Participating young people and parents’ negative experiences are consistent with the findings of an cross-national (USA, UK) survey in adults with eating disorders highlighting the limited availability and inequity in geographical distribution of services, lack of knowledge of eating disorders among GPs, limited access to care unless severely underweight and long waiting lists in the UK sample.14 Qualitative exploration among adult patients portrays recovery from eating disorders as a wider phenomenon that goes beyond weight restoration.17 Suggested strategies to address control issues and ambivalence towards treatment in adult patients include consideration of wider psychological issues and a sensitive approach, linked to specialist expertise.18
Similarly, issues around priority given to physical over psychological recovery, lack of individualised care and need for sensitivity from healthcare staff were noted in a number of qualitative studies of adolescents’ experiences of in-patient treatment (as well as out-patient treatment in one study) for anorexia nervosa.19–24 Both a positive and a negative impact of peers on adolescents’ recovery from anorexia nervosa in an in-patient context has been described.12,19,20,24,25 It is worth noting that almost all of these studies were published more than 10 years ago. Qualitative explorations of parents’ experiences of their child’s care for eating disorder, also dating back 10 years or more for most studies, highlighted the importance of personalised intervention26 and specialist knowledge in eating disorders.12,27 Peer support for parents has been supported in the literature, sometimes reported as one of the most helpful aspect of care.27,28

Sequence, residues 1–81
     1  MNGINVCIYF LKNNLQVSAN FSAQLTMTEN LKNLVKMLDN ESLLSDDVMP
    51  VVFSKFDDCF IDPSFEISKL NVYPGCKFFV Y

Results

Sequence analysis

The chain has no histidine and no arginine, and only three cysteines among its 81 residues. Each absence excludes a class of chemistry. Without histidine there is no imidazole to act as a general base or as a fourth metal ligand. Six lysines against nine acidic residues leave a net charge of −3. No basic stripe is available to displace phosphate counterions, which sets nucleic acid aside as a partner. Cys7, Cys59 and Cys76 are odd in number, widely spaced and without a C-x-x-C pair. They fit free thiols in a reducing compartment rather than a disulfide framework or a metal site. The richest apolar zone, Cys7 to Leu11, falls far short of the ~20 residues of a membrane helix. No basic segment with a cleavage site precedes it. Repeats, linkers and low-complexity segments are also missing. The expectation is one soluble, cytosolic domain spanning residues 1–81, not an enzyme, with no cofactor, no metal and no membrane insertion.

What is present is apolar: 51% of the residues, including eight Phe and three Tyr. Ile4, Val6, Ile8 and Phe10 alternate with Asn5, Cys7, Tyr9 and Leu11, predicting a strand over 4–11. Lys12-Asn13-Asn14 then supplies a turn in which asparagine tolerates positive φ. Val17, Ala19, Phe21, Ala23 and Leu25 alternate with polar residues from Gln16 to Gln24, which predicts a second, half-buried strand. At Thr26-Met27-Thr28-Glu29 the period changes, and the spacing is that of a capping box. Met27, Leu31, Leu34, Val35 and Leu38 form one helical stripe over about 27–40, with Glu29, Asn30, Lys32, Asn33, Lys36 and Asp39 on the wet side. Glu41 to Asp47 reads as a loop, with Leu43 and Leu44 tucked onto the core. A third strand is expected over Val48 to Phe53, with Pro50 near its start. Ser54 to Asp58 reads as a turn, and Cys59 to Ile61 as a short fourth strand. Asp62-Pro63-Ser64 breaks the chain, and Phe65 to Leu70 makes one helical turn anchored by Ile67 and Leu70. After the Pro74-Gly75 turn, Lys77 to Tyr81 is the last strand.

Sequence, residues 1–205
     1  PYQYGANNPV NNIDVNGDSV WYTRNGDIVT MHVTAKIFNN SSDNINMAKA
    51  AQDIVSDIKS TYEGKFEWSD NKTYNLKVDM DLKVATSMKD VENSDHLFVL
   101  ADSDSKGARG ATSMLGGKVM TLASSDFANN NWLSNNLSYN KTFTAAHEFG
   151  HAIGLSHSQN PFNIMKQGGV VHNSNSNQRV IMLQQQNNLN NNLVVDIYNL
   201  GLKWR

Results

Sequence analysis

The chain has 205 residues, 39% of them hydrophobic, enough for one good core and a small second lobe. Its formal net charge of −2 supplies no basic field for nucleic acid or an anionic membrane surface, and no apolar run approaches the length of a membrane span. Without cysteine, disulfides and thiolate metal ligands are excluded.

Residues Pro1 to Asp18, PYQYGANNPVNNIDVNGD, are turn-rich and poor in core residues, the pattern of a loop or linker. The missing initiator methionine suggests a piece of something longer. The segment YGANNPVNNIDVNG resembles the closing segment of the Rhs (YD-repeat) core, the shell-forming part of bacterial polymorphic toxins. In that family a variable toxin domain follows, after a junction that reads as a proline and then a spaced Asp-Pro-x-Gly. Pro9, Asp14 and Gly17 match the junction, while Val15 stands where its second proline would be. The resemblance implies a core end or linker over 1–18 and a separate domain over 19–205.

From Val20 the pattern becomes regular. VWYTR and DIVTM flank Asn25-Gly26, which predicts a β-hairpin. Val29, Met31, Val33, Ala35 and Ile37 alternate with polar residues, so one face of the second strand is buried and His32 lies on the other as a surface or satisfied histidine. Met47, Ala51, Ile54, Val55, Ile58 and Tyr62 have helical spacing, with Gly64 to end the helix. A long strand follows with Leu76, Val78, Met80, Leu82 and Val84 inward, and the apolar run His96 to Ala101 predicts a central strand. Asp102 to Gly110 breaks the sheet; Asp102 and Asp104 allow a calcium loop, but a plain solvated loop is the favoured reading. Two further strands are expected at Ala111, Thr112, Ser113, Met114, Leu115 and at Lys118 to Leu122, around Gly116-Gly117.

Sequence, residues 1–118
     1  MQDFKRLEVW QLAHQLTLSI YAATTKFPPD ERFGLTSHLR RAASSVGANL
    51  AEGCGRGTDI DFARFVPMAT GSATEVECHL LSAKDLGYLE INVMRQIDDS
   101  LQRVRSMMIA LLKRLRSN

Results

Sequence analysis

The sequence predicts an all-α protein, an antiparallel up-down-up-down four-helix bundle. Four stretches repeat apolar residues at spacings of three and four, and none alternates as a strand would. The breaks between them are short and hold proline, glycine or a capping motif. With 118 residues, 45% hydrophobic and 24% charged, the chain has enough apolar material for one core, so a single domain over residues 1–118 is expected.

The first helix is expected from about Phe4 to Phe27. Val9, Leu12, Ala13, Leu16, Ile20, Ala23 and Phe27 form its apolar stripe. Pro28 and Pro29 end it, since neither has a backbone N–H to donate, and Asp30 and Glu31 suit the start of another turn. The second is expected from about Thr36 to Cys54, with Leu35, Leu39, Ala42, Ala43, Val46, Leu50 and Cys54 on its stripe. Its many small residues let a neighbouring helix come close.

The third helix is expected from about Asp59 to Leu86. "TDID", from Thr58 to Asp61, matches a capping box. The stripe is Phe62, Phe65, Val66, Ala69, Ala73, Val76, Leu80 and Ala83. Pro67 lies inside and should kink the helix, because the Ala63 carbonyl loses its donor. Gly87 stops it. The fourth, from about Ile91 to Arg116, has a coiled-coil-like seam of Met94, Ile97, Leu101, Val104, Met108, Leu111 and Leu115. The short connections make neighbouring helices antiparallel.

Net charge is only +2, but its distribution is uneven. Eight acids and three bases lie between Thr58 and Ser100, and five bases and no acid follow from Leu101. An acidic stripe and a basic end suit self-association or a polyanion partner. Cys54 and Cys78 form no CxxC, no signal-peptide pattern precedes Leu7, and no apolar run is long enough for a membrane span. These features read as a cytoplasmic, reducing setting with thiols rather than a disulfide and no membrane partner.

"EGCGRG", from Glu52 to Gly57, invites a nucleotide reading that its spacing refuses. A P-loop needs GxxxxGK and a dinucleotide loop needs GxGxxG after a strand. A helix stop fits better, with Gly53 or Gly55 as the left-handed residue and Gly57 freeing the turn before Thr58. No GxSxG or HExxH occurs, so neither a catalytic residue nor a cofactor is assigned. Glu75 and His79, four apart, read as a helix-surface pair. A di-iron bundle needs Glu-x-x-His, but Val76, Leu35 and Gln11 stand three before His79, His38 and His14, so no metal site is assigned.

The main contributions of our study stem from bringing together the combined experiences of young people and parents of treatment in multiple services, and the emerging emphasis on psychological aspects of eating disorders from very early stages and having appropriately trained professionals working across a wide range of services rather than a single specialist service. Qualitative investigations into the meaning of anorexia nervosa to adolescent and adult patients support psychodynamic and cognitive theories of its connection with the development of individuals’ own identity and control systems, with a subsequent impact on their help-seeking behaviour and treatment outcome.29